... and obeyed, and then the little party proceeded to climb the cliff, Will leading and selecting the easiest path, till once more they stood beside an open mine-shaft, situated in a nook between two masses of cliff which nearly joined, as it seemed from below, but were quite twenty feet apart ...
— Menhardoc • George Manville Fenn

... a pleasant ring to it. Rachel came dancing along a little curving path, the red coral beads flying up and down on her breast, her cheeks nearly as red. "Oh, it's perfectly beautiful ...
— Five Little Peppers and their Friends • Margaret Sidney

... and the yard lowered, a strange light over the topsail made us look aft, when we saw a huge ball of fire pass slowly across the zenith from the east to the west, illuminating not only the northern arc of the sky, but the surface of the water also, immediately beneath its path, and making the faces of the men in the rigging and indeed any object on board, stand out in relief, shining with that corpse-like glare or reflection produced by the electric light, the effect being weird and unearthly in ...
— The Ghost Ship - A Mystery of the Sea • John C. Hutcheson

... of the taxi was announced, and arm in arm they limped down the steep path together to the road. A little way off to the left was the great bunker which, primarily, was the cause of their present amity. As they drove by it, the Major waggled his ...
— Miss Mapp • Edward Frederic Benson

... thickets upon the emerald slopes, and the ordered loveliness of the mountain Paradise, walled in by dense jungle and savage precipice, brings the glamour of dreamland into the stern environment of mysterious forest and frowning peak. A rudely-paved and mossy path, shadowed by the black foliage of stately casuarinas, leads into the gloomy jungle. The forest monarchs are curtained with tangled creepers and roped together with serpent-like lianas, stag-horn ferns, and green veils of filmy moss fluttering from every bough. ...
— Through the Malay Archipelago • Emily Richings

... on the sea when I went to bed that night, and when I got up in the morning the sun was shining on it, and a crow cut across my window cawing, and I heard grandfather humming to himself on the path below. And after my long spell in London, and my railway journey of the day before, it was the same as if I had fallen asleep in a gale on the high seas and awakened in a ...
— The Christian - A Story • Hall Caine

... of a compact German state. It should be borne in mind that when Charles V was elected emperor in 1519 the Holy Roman Empire was virtually restricted to German-speaking peoples, and that the national unifications of England, France, and Spain, already far advanced, pointed the path to a similar political evolution for Germany. Why should not a modern German national state have been created coextensive with the medieval empire, a state which would have included not only the twentieth-century ...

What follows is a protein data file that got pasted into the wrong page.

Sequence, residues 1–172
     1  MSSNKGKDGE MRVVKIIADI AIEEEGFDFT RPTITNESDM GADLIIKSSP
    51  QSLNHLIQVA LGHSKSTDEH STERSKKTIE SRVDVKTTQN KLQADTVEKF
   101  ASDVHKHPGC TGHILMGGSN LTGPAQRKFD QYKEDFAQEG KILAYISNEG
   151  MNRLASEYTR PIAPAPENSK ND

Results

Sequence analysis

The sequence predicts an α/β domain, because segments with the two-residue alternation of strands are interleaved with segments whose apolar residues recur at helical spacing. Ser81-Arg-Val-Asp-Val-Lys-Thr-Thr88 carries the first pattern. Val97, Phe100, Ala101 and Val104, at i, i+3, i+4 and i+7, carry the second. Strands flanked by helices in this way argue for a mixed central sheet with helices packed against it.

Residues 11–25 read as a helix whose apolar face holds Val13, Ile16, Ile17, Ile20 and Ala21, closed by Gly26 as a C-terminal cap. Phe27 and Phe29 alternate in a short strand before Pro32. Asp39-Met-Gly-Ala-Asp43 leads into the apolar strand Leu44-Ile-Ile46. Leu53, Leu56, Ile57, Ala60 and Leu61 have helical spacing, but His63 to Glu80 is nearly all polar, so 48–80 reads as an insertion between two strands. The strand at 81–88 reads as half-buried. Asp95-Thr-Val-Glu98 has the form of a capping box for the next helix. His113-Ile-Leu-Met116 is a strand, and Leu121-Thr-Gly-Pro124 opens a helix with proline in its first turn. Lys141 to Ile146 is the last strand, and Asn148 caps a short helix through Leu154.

— A Political and Social History of Modern Europe V.1. • Carlton J. H. Hayes

... after that I had looked once more unto the mighty dancing flame, and perceived nowhere any life around it, I went onward down the quiet gorge. And for a great way as I journeyed was my path lit by the dancing of the blue flame; and oft should I seem to be going but dimly among the rocks, and my shadow faint and long; and lo! the flame would leap, and all the gorge come to a wondrous brightness, and my figure to shorten, and the shadows to be ...
— The Night Land • William Hope Hodgson

... their walk; he kept an arm about her, and their sides were close together as they walked; the sun, the birds, the west wind running among the trees, a pressure, a look, the grasp tightening round a single finger, these things stood them in lieu of thought and filled their hearts with joy. The path they were following led them through a wood of pine-trees carpeted with heather and blue-berry, and upon this pleasant carpet, Dick, not without some ...
— Tales and Fantasies • Robert Louis Stevenson

... the appearance of Mr. Cordes Kemp's proclamation, these two worthies may be seen riding along the Camden Road, a sandy level, with little to indicate its tortuous course save a beaten and irregular path through a forest of stately pines. Their reddish-coloured home-spun clothes, set loosely, and their large, felt hats, slouching over their bearded faces, give their figures a brigand-like appearance which excites ...
— Our World, or, The Slaveholders Daughter • F. Colburn Adams

... and instead of going up to the front door, she turned to the right along a narrow flagged path that skirted the forecourt and led to ...
— The Mating of Lydia • Mrs. Humphry Ward